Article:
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Baroness Jay of Paddington: My Lords, I must apologise to my noble friend Lord Shore if I said "open sky" when I meant "single sky". However, perhaps the optimist--my noble friend may not be one--would suggest that the two could overlap in terms of their ambitions, if not necessarily in terms of their titles.

As I said in repeating the Statement, so far as concerns the single sky proposal, the aim is to try to reduce the tremendous backlog--I am sure that the noble Lord will be aware of this if he travels by air within Europe--and the delays and cancellations which are caused by the system of having to agree slots across the European Union between national air traffic control systems. The proposal seeks to unblock that, but not, as the noble Baroness, Lady Williams, quite rightly pointed out, at any risk to the safety to that arrangement. It is simply very much an issue of trying to unblock the present "sky traffic jams"--if I may call them that--which occur all across Europe, particularly in the summer. The ambition is to try to improve that arrangement.

Lord Ezra: My Lords, the Minister referred to preparations for a further world trade round. Is it not a fact, however, that at the present time there are a number of trade issues in dispute between the United States and the European Union? Is it not important that those issues be resolved before engaging in a new trade round?

Baroness Jay of Paddington: My Lords, the Stockholm summit hopes that these two processes can work together. Indeed, that is the process being undertaken both at the Commission level and between the various governments concerned. There should not be any kind of isolated position with regard to individual examples of a breakdown in trade relations. Perhaps the noble Lord is thinking of the banana dispute. At the same time, that should be pursued in terms of its resolution while, none the less, continuing the preparation for, it is to be hoped, a more successful WTO round later in the year.

Lord Tebbit: My Lords, first, can the Minister be a little more specific in her reply to her noble friend Lord Shore on the subject of the air traffic control issue? Is the noble Baroness aware that the British air traffic control authorities have jurisdiction and control over the Atlantic airspace out to 30 degrees west? Is it the proposal of either the single or open sky policy that was discussed in Brussels that an authority in Brussels should control air traffic to 30 degrees west across the Atlantic?

Secondly, since it has now become the habit of the Prime Minister to discuss his options for general election dates with the president of the Commission,

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can she suggest to him that he might discuss those option dates with the British public at large rather than just keeping it secret with fonctionnaires in Brussels?

Baroness Jay of Paddington: My Lords, as to the exact terminology of the single sky proposal, I have to defer, not surprisingly in matters of air traffic control, to the professional expertise of the noble Lord, Lord Tebbit, and say to him that I simply do not know whether the single sky would extend to 30 degrees west. I shall of course write to him on that subject if that information is available. It does not appear in the briefing that I have been given, but I shall pursue the matter and reply to the noble Lord.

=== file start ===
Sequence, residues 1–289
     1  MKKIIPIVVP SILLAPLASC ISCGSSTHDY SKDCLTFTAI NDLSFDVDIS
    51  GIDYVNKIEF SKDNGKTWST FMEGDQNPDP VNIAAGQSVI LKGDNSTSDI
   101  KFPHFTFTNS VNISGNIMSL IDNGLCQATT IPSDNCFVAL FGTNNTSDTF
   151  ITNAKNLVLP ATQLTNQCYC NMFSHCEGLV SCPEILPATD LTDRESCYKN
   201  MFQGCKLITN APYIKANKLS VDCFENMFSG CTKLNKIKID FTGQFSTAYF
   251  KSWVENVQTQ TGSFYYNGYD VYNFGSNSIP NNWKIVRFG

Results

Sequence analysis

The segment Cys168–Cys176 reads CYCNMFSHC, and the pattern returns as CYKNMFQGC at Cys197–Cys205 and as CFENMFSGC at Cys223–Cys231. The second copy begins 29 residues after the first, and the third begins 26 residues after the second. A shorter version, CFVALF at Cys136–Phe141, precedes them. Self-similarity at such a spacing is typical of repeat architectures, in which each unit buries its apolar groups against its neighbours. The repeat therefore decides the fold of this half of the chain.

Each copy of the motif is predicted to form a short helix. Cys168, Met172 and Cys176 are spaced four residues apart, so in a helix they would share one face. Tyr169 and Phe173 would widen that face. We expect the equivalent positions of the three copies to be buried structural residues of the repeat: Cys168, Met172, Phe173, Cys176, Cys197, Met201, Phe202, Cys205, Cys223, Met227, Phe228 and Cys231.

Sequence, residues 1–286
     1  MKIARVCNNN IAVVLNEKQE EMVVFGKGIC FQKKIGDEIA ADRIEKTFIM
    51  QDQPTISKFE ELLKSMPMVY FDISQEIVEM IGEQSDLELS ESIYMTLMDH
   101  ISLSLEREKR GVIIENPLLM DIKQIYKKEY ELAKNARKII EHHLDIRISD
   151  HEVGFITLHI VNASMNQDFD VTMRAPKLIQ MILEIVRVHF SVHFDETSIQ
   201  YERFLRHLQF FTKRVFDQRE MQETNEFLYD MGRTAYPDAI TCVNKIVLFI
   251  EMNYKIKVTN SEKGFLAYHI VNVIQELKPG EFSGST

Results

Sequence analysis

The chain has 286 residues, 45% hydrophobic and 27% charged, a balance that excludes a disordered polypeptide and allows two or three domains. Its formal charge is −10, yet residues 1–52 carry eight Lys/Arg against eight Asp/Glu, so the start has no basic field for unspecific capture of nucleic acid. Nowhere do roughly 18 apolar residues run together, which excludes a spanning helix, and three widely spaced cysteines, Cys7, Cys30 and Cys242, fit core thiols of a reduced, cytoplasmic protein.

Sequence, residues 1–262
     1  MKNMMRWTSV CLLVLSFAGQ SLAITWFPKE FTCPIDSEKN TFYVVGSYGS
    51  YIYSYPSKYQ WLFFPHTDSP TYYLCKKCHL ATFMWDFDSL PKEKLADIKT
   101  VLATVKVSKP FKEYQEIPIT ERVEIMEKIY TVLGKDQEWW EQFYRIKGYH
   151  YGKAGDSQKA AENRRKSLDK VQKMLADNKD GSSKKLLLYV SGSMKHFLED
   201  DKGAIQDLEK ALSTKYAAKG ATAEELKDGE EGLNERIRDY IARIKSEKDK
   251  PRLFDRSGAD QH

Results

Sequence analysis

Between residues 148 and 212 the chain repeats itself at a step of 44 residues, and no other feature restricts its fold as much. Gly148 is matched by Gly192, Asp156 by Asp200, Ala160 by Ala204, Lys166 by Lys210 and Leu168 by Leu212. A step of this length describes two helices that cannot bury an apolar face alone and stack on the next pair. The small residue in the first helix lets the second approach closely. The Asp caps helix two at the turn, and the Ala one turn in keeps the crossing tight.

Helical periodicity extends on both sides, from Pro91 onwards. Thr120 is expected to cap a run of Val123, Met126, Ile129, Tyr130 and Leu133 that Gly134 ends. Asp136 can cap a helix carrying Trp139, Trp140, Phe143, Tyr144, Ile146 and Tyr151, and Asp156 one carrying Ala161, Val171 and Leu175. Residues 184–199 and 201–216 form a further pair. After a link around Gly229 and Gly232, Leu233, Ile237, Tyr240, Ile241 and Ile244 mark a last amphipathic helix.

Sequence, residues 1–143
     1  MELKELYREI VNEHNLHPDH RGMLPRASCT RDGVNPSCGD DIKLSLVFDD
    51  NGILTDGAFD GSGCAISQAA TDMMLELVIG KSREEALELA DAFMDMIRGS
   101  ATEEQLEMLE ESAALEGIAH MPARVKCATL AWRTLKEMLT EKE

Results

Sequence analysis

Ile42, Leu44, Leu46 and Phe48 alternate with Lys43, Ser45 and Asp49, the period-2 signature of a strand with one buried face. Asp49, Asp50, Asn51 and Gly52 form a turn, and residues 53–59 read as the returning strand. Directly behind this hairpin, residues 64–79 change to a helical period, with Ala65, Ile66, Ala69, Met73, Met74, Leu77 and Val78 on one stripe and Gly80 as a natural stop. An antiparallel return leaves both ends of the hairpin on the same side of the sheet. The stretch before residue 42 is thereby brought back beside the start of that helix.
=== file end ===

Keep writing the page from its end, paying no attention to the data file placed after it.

On the question of the conversations in which the Prime Minister was supposed to engage that were overheard and eavesdropped on by the media, I understand that he was asked by Commissioner Prodi and responded in a polite fashion on the technicalities of when any decisions on a general election could be taken; certainly not on the question of an announced date.

Lord Clinton-Davis: My Lords, first, will my noble friend define for the benefit of the House as a whole what is a "single European sky"? I take a rather different view about Europe from my noble friend Lord Shore and the noble Lord, Lord Tebbit, but all of us are bemused by the expression "single European sky". I fear that my noble friend's statement that she is not responsible for that will not suffice. Secondly, I want to know whether, whatever it means, it was the unanimous view of all participants. Thirdly, what implications does that have for the debate that we are to have on Thursday about air traffic control?

Baroness Jay of Paddington: My Lords, I hope that my noble friend will forgive me. I did not say that I was not responsible for the policy. I am obviously not responsible for the policy. What I said was that the detail of the 30 degrees west issue, raised by the noble Lord, Lord Tebbit, in terms of the extension of air traffic control, was not one on which I had specific briefing. As far as I know, it was not specifically raised.

Perhaps I may repeat to my noble friend the exact terms of what was in the Stockholm understanding; namely, that the United Kingdom fully supported this initiative. If my noble friend does not approve of the overall title, I have already apologised to my noble friend Lord Shore for misspeaking when I said "the open skies". If he is concerned about "open" or "single" skies, that may simply be about the title. But I repeat what I said both to my noble friend Lord Shore and to the noble Lord, Lord Tebbit. This is seen as a rather mechanistic device that is crucial for improving the use and management of EU air space. That is why it is called for completion by the year 2004. I repeat my rather lay person's analogy that this is an attempt to remove the log-jam in European air traffic control across Europe, particularly that which develops on a seasonal basis.